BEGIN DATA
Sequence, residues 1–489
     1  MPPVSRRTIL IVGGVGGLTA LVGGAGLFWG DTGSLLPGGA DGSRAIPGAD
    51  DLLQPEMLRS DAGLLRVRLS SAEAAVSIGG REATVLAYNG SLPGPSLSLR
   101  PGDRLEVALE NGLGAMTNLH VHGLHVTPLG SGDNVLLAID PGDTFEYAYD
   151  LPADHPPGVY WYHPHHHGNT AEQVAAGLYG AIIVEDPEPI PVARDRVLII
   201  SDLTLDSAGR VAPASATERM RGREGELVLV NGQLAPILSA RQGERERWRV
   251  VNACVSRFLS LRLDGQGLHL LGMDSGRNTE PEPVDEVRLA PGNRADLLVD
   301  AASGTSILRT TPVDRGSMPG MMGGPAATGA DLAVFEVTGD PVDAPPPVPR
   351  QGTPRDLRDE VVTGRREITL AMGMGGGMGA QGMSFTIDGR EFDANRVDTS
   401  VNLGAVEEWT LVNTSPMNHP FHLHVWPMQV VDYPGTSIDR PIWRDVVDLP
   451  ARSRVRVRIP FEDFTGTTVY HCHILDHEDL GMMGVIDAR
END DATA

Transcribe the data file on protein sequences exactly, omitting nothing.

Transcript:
Sequence, residues 1–489
     1  MPPVSRRTIL IVGGVGGLTA LVGGAGLFWG DTGSLLPGGA DGSRAIPGAD
    51  DLLQPEMLRS DAGLLRVRLS SAEAAVSIGG REATVLAYNG SLPGPSLSLR
   101  PGDRLEVALE NGLGAMTNLH VHGLHVTPLG SGDNVLLAID PGDTFEYAYD
   151  LPADHPPGVY WYHPHHHGNT AEQVAAGLYG AIIVEDPEPI PVARDRVLII
   201  SDLTLDSAGR VAPASATERM RGREGELVLV NGQLAPILSA RQGERERWRV
   251  VNACVSRFLS LRLDGQGLHL LGMDSGRNTE PEPVDEVRLA PGNRADLLVD
   301  AASGTSILRT TPVDRGSMPG MMGGPAATGA DLAVFEVTGD PVDAPPPVPR
   351  QGTPRDLRDE VVTGRREITL AMGMGGGMGA QGMSFTIDGR EFDANRVDTS
   401  VNLGAVEEWT LVNTSPMNHP FHLHVWPMQV VDYPGTSIDR PIWRDVVDLP
   451  ARSRVRVRIP FEDFTGTTVY HCHILDHEDL GMMGVIDAR